Increasingly, Chief Security Officer means what it sounds like: The CSO is the executive responsible for the organization's entire security posture, both physical and digital.
The title Chief Security Officer (CSO) was first used principally inside the information technology function to designate the person responsible for IT security. At many companies, the term CSO is still used in this way. Chief Information Security Officer, is perhaps a more accurate description of this position, and today the title is becoming more prevalent for leaders with an exclusive info security focus.
The CSO title is also used at some companies to describe the leader of the "corporate security" function, which includes the physical security and safety of employees, facilities and assets. More commonly, this person holds a title such as Vice President or Director of Corporate Security. Historically, corporate security and information security have been handled by separate (and sometimes feuding) departments.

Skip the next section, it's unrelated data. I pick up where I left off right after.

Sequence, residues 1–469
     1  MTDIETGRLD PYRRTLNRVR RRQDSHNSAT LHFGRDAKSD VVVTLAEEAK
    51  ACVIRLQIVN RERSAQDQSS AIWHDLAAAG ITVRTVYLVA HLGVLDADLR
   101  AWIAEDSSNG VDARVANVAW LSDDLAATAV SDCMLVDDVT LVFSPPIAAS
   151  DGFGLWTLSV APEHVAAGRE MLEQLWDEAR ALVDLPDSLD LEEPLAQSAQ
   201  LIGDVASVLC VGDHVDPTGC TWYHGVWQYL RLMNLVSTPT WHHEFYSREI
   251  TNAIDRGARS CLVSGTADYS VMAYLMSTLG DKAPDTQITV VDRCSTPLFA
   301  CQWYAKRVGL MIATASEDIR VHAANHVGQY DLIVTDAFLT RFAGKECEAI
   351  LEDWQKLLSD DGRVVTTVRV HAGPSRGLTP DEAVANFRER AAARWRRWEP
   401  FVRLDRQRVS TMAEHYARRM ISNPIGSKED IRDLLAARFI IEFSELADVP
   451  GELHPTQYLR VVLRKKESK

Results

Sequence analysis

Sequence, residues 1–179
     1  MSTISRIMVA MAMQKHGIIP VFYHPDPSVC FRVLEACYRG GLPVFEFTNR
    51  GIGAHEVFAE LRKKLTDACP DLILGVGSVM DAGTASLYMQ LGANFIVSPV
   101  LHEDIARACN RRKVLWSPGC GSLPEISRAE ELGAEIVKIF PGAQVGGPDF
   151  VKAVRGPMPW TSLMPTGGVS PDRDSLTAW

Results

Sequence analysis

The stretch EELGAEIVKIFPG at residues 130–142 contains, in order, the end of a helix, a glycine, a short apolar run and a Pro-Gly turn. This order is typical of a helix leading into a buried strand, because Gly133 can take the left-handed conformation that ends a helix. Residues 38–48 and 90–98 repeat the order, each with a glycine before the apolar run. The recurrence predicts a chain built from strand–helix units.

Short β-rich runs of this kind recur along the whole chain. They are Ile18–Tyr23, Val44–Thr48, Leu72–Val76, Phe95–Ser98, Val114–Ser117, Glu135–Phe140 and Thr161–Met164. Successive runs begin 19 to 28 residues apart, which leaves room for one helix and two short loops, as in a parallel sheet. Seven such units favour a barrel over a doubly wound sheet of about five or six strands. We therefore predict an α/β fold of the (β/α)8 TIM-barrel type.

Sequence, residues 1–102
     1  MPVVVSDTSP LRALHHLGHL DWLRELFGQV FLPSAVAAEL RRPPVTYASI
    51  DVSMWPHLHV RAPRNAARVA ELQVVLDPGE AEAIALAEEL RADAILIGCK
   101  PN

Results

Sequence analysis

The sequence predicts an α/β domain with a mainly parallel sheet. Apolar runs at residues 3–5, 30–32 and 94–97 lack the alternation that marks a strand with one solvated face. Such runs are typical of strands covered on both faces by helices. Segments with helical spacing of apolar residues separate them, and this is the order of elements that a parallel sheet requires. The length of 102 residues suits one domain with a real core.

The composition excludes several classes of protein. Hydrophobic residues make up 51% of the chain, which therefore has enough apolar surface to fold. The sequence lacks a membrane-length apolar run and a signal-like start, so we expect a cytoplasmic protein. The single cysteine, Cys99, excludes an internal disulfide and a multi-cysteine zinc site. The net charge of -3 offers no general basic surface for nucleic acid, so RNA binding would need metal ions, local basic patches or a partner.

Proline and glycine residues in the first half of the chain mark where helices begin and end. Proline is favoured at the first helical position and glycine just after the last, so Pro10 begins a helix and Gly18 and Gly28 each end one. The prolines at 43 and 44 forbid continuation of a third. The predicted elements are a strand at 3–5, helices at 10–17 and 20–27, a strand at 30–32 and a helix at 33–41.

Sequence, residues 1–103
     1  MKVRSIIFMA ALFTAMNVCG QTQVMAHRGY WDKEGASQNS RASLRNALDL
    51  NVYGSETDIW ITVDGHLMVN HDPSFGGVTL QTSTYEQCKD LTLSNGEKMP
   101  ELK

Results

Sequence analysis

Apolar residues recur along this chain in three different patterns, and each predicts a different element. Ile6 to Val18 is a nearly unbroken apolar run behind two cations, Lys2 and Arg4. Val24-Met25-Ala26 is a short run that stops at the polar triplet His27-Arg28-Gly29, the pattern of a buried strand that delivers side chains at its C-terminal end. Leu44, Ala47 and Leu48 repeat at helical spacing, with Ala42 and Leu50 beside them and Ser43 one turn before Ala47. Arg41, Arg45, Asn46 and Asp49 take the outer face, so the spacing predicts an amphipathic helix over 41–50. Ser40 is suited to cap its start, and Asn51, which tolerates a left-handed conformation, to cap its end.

Increasingly, Chief Security Officer means what it sounds like: The CSO is the executive responsible for the organization's entire security posture, both physical and digital. CSOs also frequently own or participate closely in related areas such as business continuity planning, loss prevention and fraud prevention, and privacy.
The merging all forms of security under a single organizational umbrella has been a controversial approach at times. At a tactical level, technology is being infused into physical security tools, which are increasingly database-driven and network-delivered. At a practical level, CSOs say a holistically managed security function can deliver better security at lower cost. On the other hand, CSOs without a broad skill base can find it challenging to overcome organizational inertia and politics to deliver on that vision.